Key Research Centers and Facilities

The Center for Advancing STEM Teaching, Learning & Evaluation (CASTLE) is a network of faculty, projects and programs engaged in scholarship surrounding STEM education.

The mission of the Center for Computational Relativity and Gravitation (CCRG) is to advance knowledge and discovery at the frontiers of relativistic astrophysics, gravitational physics, and cosmology, while pursuing new exciting research directions, in connection with new experiments and observations.

The Center for Detectors designs, develops, and implements photon devices to enable scientific discoveries. The center educates and trains students through research and development in detectors, instrumentation, observational astrophysics, nanostructures, silicon photonics, quantum optics and information, and wide-bandgap materials. Staff and student researchers investigate high impact engineering and development problems through external financial support from federal agencies, private foundations, national laboratories, and industry.

Digital Imaging and Remote Sensing (DIRS) focuses on the development of tools to extract information about the earth from satellite, manned and unmanned (drone) aircraft imaging systems. Our students and staff researchers work hand-in-hand to utilize their expertise in physics, mathematics, computer science, and engineering to solve end-to-end applied remote sensing problems in agriculture, natural resource management, and matters of National intelligence and defense.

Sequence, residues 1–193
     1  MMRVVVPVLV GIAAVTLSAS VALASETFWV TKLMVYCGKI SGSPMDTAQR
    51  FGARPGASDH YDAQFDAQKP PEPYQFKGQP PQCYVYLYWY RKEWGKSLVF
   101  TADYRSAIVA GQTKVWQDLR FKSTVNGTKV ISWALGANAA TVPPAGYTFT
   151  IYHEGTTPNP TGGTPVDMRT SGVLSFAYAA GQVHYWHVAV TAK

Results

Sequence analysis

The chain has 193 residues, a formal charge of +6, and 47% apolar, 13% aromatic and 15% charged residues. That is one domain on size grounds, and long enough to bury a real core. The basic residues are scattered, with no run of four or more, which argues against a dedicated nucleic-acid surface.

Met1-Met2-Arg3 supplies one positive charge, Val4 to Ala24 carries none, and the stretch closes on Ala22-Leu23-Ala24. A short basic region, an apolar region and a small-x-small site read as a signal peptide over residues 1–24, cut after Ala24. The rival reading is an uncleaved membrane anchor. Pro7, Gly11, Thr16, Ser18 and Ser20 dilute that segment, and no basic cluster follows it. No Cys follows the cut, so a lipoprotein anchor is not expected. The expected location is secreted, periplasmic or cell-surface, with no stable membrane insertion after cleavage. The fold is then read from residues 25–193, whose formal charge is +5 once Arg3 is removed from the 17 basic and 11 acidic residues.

The Center for Computational Relativity and Gravitation is home to a new interdisciplinary signature research program on the "Frontiers in Gravitational Wave Astrophysics”. The program aims at pushing new frontiers in gravitational wave observations, bringing together leading experts in the new field of multi-messenger astrophysics.

The mission of the Laboratory for Multiwavelength Astrophysics is to foster the utilization and advancement of cutting-edge techniques in multiwavelength astrophysics by RIT faculty, research staff, and students, so as to improve human understanding of the origin and fate of the universe and its constituents.

The Program of Color Science and Munsell Color Science Laboratory work closely with researchers in the fundamental scientific disciplines of biology (human and animal vision), chemistry (colorants and formulation), physics (optical spectroscopy and illumination sources), mathematics (modeling of systems and observers), and psychology (understanding color perception).

The NanoImaging Laboratory use the tools of imaging science to characterize materials at the micro- and nanoscale, using electron microscopy. The tools include imaging, electron diffraction, and x-ray microanalysis to determine the elemental composition of materials.